One thing I noticed about all five of the Top 5 arguments (though not my entry) is that they all can be interpreted as guilting the reader into donating. That is, there is an unstated implication the reader could draw that the reader would be a bad person if they chose not to donate:

  • Argument #9: After reading this winning argument, the reader might think: "Now if I don't donate the $10 I'd be admitting that I don't value the suffering of children in poor countries even one-thousandth as much as my own child (or someone I know's child). What a terrible person I'd be. I don't want to feel like a bad person so I'll donate."

  • Argument #3: Someone might think: "Practically everyone agrees that giving to charity is good, so if I don't donate the $10 that would make me bad. I don't want to feel like a bad person so I'll donate."

  • Argument #5: "If I take the $10 rather than donate it, I'd be putting my own interest in receiving $10 above the interests of four children who don't want malaria, which would make me a bad person. I don't want to feel like a bad person so I'll donate."

  • Argument $12: "I just read that I should feel good about whether I decide to 'take' or 'give' the $10. And also that I should prioritize helping a large number of people over the value of $10 for myself. So now I'm not sure that I could feel good about 'taking' the money for myself. I don't want to feel guilty over $10 so I'll donate."

  • Argument #14: "'Every single day you have the opportunity to spare a small amount of money to provide a fellow human with the same basic access to food or drinking water – how often have you done this?' Clearly I'd be a bad person if I decided to take $10 that is offered to me rather than give the $10 to provide a fellow human with basic access to food or drinking water. I don't want to feel like a bad person, so I'll donate.

Comment by williamkiely on Can the EA community copy Teach for America? (Looking for Task Y) · 2020-06-13T15:53:07.823Z · score: 1 (1 votes) · EA · GW

Helpful post for thinking about how to scale the EA community to make productive use of more people.

Comment by williamkiely on New article from Oren Etzioni · 2020-02-26T05:59:35.372Z · score: 6 (4 votes) · EA · GW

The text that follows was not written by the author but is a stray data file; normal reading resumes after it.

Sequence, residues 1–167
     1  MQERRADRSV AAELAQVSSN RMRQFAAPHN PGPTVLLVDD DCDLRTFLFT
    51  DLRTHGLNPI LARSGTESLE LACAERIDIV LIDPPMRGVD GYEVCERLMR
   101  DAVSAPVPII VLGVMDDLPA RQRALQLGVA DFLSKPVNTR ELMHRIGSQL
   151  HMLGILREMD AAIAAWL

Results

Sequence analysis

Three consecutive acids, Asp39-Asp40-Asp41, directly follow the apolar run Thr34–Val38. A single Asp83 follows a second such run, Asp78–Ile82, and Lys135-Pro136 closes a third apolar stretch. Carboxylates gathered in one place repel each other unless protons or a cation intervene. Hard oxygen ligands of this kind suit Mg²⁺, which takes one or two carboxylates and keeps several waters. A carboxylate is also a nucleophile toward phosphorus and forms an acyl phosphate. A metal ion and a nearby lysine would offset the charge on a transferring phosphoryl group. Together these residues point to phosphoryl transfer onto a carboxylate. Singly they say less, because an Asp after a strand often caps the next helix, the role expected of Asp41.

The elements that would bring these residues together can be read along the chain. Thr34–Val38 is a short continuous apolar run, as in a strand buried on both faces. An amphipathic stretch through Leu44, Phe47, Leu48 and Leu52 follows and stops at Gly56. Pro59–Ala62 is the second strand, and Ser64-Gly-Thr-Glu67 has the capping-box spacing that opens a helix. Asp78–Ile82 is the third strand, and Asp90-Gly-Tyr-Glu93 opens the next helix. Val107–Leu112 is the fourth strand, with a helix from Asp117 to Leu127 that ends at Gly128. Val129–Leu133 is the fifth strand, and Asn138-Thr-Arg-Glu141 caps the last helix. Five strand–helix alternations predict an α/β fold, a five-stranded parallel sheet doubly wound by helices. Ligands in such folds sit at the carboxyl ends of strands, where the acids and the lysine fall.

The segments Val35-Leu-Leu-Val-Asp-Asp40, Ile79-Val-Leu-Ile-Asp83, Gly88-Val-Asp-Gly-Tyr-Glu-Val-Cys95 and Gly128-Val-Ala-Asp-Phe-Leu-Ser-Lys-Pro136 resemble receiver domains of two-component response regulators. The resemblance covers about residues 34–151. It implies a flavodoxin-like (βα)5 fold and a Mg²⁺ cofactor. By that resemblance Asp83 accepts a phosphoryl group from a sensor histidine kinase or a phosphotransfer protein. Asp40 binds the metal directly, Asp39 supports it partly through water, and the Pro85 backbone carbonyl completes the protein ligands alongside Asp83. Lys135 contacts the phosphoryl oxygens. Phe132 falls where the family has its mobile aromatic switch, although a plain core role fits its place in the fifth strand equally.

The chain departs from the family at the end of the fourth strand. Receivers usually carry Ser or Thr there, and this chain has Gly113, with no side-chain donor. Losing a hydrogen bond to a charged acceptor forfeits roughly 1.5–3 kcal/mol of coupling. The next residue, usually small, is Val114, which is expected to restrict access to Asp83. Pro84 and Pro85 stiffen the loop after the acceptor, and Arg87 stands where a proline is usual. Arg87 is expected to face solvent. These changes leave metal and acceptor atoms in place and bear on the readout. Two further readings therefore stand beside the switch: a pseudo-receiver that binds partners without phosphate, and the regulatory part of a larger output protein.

It feels like Etzioni is misunderstanding Bostrom in this article, but I'm not sure. His point about Pascal's Wager confuses me:

Some theorists, like Bostrom, argue that we must nonetheless plan for very low-probability but high-consequence events as though they were inevitable

Etzioni seems to be saying that Bostrom argues that we must prepare for short AI timelines even though developing HLMI on a short timeline is (in Etzioni's view) a very low-probability event?

I don't know whether Bostrom thinks this or not, but isn't Bostrom's main point that even if AI systems sufficiently-powerful to cause an existential catastrophe are not coming for at least a few decades (or even a century or longer), we should still think about and see what we can do today to prepare for the eventual development of such AI systems if we believe that there are good reasons to think that they may cause an x-catastrophe when they eventually are developed and deployed?

It doesn't seem that Etzioni addresses this, except to imply that he disagrees with the view by saying it's unreasonable to worry about AI risk now and by saying that we'll (definitely?) have time to adequately address any existential risk that future AI systems may pose if we wait to start addressing those risks until after the canaries start collapsing.

Comment by williamkiely on New article from Oren Etzioni · 2020-02-26T05:18:25.481Z · score: 2 (2 votes) · EA · GW

Etzioni's implicit argument against AI posing a nontrivial existential risk seems to be the following:

(a) The probability of human-level AI being developed on a short timeline (less than a couple decades) is trivial.

(b) Before human-level AI is developed, there will be 'canaries collapsing' warning us that human-level AI is potentially coming soon or at least is no longer a "very low probability" on the timescale of a couple decades.

(c) "If and when a canary “collapses,” we will have ample time before the emergence of human-level AI to design robust “off-switches” and to identify red lines we don’t want AI to cross"

(d) Therefore, AI does not pose a nontrivial existential risk.

It seems to me that if there is a nontrivial probability that he is wrong about 'c' then in fact it is meaningful to say that AI does pose a nontrivial existential risk that we should start preparing for before the canaries he mentions start collapsing.

Comment by williamkiely on New article from Oren Etzioni · 2020-02-26T04:58:09.045Z · score: 2 (2 votes) · EA · GW

Etzioni also appears to agree that once canaries start collapsing it is reasonable to worry about AI threatening the existence of all of humanity.

As Andrew Ng, one of the world’s most prominent AI experts, has said, “Worrying about AI turning evil is a little bit like worrying about overpopulation on Mars.” Until the canaries start dying, he is entirely correct.

Comment by williamkiely on Concerning the Recent 2019-Novel Coronavirus Outbreak · 2020-02-05T22:40:11.743Z · score: 8 (5 votes) · EA · GW

I accepted a bet on January 30th with a friend with the above terms. Nobody else offered to bet me. Since then, I have updated my view. I now give a ~60% probability that there will be over 10,000 deaths. https://predictionbook.com/predictions/198256